imperialism, China-Africa, political economy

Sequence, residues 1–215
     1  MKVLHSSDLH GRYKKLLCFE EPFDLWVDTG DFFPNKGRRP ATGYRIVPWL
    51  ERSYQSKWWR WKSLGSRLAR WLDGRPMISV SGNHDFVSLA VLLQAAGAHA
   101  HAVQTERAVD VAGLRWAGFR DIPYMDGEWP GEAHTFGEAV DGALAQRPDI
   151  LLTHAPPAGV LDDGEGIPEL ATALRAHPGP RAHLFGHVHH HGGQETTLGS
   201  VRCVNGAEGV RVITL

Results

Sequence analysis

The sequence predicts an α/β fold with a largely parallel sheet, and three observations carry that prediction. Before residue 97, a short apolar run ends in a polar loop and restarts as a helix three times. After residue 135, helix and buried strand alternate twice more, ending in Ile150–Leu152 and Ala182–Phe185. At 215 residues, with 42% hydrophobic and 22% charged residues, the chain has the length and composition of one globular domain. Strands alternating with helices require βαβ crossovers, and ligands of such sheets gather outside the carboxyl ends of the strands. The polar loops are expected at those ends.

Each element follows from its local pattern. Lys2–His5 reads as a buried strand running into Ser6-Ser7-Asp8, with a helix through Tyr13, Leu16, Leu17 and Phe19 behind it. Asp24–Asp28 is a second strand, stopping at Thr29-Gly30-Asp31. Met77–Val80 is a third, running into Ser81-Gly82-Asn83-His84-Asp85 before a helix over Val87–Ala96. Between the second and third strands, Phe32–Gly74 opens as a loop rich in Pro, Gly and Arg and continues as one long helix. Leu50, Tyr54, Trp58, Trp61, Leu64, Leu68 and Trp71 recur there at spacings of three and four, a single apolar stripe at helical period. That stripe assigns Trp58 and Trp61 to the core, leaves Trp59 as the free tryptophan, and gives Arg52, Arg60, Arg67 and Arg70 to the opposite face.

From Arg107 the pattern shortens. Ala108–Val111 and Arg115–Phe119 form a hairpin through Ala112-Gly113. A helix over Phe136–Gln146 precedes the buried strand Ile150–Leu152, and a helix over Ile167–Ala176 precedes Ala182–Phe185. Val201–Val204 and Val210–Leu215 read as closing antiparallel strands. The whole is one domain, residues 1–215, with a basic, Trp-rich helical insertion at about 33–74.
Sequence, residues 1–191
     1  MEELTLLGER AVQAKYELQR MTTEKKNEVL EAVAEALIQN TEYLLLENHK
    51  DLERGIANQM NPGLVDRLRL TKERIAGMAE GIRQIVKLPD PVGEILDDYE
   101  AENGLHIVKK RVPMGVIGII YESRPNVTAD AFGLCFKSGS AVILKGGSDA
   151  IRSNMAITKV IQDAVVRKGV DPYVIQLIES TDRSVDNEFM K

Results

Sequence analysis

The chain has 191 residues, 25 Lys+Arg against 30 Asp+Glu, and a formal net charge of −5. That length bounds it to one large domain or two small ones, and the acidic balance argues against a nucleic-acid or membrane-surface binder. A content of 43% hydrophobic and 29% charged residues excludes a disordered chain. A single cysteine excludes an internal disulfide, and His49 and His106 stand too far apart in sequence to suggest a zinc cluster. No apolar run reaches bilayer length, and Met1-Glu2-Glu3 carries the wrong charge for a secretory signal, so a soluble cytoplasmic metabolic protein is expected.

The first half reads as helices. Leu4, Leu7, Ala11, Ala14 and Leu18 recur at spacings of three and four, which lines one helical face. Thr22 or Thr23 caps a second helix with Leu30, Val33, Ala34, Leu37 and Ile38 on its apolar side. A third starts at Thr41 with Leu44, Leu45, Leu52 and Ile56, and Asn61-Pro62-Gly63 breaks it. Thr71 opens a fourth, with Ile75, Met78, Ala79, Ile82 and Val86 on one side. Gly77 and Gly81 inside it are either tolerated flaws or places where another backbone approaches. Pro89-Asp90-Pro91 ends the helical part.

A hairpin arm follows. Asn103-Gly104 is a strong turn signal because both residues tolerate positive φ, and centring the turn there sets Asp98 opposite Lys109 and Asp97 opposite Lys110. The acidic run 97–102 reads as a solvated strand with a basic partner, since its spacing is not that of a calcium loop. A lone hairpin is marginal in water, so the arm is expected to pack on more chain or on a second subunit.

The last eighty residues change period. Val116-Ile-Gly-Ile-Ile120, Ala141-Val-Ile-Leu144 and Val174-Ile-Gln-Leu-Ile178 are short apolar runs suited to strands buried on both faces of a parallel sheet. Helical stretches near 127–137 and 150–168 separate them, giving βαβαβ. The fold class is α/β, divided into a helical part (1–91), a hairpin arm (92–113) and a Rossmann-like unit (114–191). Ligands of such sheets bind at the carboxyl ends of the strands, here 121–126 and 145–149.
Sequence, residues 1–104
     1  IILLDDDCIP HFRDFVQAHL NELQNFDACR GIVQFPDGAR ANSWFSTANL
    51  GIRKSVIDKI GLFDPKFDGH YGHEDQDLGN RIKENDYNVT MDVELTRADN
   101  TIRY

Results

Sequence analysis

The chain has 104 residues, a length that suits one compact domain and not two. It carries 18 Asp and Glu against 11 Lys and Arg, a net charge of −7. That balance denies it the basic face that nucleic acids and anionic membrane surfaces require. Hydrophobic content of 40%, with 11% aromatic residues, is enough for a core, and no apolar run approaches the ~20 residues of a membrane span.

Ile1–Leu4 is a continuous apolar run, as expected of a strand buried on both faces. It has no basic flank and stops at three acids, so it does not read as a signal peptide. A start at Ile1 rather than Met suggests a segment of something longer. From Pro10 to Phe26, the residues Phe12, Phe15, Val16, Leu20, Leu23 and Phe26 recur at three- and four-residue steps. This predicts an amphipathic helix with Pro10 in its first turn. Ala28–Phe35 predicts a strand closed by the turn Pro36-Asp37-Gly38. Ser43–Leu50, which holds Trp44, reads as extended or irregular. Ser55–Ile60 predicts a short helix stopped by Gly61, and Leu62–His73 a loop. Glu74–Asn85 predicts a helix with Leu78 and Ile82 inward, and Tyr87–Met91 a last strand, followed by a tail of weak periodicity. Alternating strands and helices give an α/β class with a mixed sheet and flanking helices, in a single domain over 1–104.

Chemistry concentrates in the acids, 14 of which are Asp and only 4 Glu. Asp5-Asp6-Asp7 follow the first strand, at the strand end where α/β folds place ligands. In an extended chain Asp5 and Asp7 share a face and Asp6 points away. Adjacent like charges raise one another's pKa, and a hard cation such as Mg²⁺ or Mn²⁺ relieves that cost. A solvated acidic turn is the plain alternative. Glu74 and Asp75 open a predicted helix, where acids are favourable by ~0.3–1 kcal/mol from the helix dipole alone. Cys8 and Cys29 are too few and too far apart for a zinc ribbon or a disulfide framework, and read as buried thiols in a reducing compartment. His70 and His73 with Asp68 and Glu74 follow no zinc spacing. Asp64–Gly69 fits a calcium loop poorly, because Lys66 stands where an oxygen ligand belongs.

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This paper looks into the nature of China’s involvement with African nations, which is a highly debated issue in recent times. Supporters of African nations’ relations with China argue that African countries have enjoyed increased trade, aid and investment from these relations; skeptics, however, worry that these relations may be reminiscent of European colonization, hinging upon unequal exchange and the exploitation of Africa’s resources and people. This paper interrogates whether theories of Western colonization, imperialism, and dependency by John Hobson, Vladimir Lenin, Rosa Luxemburg and David Harvey can explain the current context and conditions of China’s role in Africa. I also employ a case study to look into this issue: that of land grabs in Africa. Land grabs mostly involve the expropriation of land in developing countries to facilitate food production and resource extraction to meet demand in more developed countries. While many regions of the Global South have been subject to land grabs, the bulk of these has occurred in Sub-Saharan Africa in recent times. Focusing on China’s role in the land grabs in the Democratic Republic of Congo (DRC), the case study explores the economic and political aspects of China’s agricultural investments in the DRC, and the effects of this on dependency and unequal exchange. Through such an analysis, the relationships between capitalism and incipient, contemporary forms of domination and resource control may be unpacked.